As previously stated, we are an aging population, so Aged Care is an emerging theme, but not one that we are prepared to submerge ourselves in just yet. The Department of Health (DoH) is tightening up on the nature & quantum of fees that the sector may charge residents. It is likely that the sector will experience increased audit scrutiny, on top of what was already going to occur under the Aged Care Funding Instrument changes.
It comes at a delicate time for the sector that is grappling with the real & perceived impact of the federal budgets c$1.8b in funding cuts, & subdued earnings guidance. The DoH is clamping down on the sector’s capacity to replace lost revenue from the funding changes. It is one thing for the Commonwealth to seek to find savings within a tight budgetary context, it is another thing entirely, when the Commonwealth appears to be seeking to stop the sector from charging fees to residents to recoup lost funding, when the Living Longer Living Better reforms, are specifically designed to compel the consumer to pay more. So what is going on?
Listed Property Trusts have been the best performing sector over the past two years. However, they were the sector to be hardest hit post GFC & have taken the longest to recover; some have still not reached their pre GFC levels. As most clients have property assets, we are not major investors in this sector. In addition, the distribution rates are generally 5-6% before tax & growth is linked to the rental market; we prefer franked dividends that provide greater income & opportunity for capital growth.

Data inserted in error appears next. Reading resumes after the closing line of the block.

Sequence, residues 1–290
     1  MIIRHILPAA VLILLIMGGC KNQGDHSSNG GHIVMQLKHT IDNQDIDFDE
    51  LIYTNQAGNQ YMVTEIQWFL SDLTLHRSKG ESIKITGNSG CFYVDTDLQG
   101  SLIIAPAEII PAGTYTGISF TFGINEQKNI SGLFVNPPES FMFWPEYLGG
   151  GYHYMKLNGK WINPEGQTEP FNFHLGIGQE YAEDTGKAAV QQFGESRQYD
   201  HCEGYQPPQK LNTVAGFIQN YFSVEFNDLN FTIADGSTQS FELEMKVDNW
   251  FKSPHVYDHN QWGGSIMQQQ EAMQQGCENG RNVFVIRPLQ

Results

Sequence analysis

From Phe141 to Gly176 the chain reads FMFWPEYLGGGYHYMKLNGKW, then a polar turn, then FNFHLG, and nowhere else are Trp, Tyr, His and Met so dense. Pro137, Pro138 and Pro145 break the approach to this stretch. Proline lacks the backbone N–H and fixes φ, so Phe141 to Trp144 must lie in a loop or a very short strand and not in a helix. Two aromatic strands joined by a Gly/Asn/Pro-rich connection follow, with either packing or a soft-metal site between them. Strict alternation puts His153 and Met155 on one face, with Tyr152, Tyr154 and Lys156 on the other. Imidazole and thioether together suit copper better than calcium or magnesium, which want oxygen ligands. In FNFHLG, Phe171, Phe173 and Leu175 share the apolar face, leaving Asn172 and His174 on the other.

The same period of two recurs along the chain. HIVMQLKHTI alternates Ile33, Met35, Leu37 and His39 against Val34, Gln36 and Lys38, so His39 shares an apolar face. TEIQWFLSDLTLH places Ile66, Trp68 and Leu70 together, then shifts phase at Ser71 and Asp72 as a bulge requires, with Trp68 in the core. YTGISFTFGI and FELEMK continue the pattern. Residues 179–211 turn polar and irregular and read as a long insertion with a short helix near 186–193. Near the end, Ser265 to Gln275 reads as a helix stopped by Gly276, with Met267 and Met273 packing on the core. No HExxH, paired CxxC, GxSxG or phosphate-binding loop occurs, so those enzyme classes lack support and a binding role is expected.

Exchange Traded Funds (ETFs)
The latest buzzword & fastest growing product sector in the market. Essentially, an ETF is an investment in an index, market or theme, so is more of a diversification strategy, that gives you exposure to markets that you would otherwise not have exposure to.
Gold, technology, cyber security, agriculture, fuel, currencies, yield, healthcare, …….you name it, there is an ETF for it. Although a portion of funds can be invested in ETFs, they lack the transparency of direct shares. There are the fund managers that create the ETF themselves, then they commission a market maker to ensure there is a buy & sell spread for the ETF…….the beat goes on & all of these management layers expect to be paid.
Proceed, but with caution.
ETFs & most managed funds can be traded like any other security on the stock exchange.
Portfolio construction & stock selection is an ongoing, evolving & dynamic strategy. This White Paper is intended to provide an insight to how we make investment decisions; some are investigated & included, others are investigated & excluded.
As always, if you have any questions or would like clarification on the above, please contact us at firstname.lastname@example.org.
This White Paper is general in nature only & not intended as advice. All information & views expressed in this White Paper are correct at the time of publishing, 7th September 2016.